Systematic characterization of gene function in a photosynthetic organism
Photosynthetic organisms are essential for human life, yet most of their genes remain functionally uncharacterized. Single-celled photosynthetic model systems have the potential to accelerate our ability to connect genes to functions. Here, using a barcoded mutant library of the model eukaryotic alga Chlamydomonas reinhardtii, we determined the phenotypes of more than 58,000 mutants under more than 121 different environmental growth conditions and chemical treatments. 78% of genes are represented by at least one mutant that showed a phenotype, providing clues to the functions of thousands of genes. Mutant phenotypic profiles allow us to place known and previously uncharacterized genes into functional pathways such as DNA repair, photosynthesis, the CO2-concentrating mechanism, and ciliogenesis. We illustrate the value of this resource by validating novel phenotypes and gene functions, including the discovery of three novel components of a defense pathway that counteracts actin cytoskeleton inhibitors released by other organisms. The data also inform phenotype discovery in land plants: mutants in Arabidopsis thaliana genes exhibit similar phenotypes to those we observed in their Chlamydomonas homologs. We anticipate that this resource will guide the functional characterization of genes across the tree of life.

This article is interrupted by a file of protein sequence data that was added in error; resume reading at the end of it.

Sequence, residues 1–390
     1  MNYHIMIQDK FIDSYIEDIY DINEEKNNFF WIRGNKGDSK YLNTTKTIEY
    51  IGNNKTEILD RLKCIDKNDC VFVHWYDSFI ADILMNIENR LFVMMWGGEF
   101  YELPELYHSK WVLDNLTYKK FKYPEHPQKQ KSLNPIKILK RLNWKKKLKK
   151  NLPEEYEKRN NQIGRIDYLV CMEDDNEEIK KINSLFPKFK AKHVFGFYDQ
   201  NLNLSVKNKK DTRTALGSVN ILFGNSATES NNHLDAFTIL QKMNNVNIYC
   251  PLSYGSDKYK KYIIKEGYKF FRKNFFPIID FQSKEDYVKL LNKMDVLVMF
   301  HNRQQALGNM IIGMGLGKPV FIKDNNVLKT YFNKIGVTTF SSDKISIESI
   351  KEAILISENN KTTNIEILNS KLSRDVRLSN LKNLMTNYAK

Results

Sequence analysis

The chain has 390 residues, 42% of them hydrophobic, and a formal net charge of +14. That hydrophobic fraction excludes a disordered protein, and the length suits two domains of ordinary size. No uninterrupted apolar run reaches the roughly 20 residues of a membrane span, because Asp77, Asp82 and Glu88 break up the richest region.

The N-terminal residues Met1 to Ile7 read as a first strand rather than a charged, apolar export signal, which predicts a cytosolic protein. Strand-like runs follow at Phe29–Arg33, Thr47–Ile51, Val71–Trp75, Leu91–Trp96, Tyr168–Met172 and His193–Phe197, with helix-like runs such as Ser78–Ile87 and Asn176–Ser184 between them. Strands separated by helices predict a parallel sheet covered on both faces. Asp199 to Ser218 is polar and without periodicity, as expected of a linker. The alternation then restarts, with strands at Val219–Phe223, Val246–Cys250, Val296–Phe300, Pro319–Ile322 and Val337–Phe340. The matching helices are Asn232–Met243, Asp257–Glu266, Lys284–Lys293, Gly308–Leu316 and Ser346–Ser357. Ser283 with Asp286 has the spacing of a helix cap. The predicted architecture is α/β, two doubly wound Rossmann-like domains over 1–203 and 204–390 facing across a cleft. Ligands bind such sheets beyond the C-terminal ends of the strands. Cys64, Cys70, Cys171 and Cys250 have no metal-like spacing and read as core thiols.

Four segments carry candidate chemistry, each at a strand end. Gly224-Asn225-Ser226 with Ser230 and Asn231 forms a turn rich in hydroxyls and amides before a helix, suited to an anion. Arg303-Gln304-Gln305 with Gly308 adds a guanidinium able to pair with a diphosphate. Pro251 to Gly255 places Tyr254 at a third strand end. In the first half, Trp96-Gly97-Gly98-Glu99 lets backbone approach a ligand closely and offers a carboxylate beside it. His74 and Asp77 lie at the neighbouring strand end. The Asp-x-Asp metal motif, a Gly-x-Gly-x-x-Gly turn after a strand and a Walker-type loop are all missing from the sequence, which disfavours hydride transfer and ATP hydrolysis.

Vilarrasa-Blasi, J; Fauser, F; Onishi, M; Ramundo, S; Patena, W; Millican, M; Osaki, J; Philp, C; Nemeth, M; Salomé, PA; Li, X; Wakao, S; Kim, RG; Kaye, Y; Grossman, AR; Niyogi, KK; Merchant, S; Cutler, S; Walter, P; Dinneny, JR; Jonikas, MC; Jinkerson, RE
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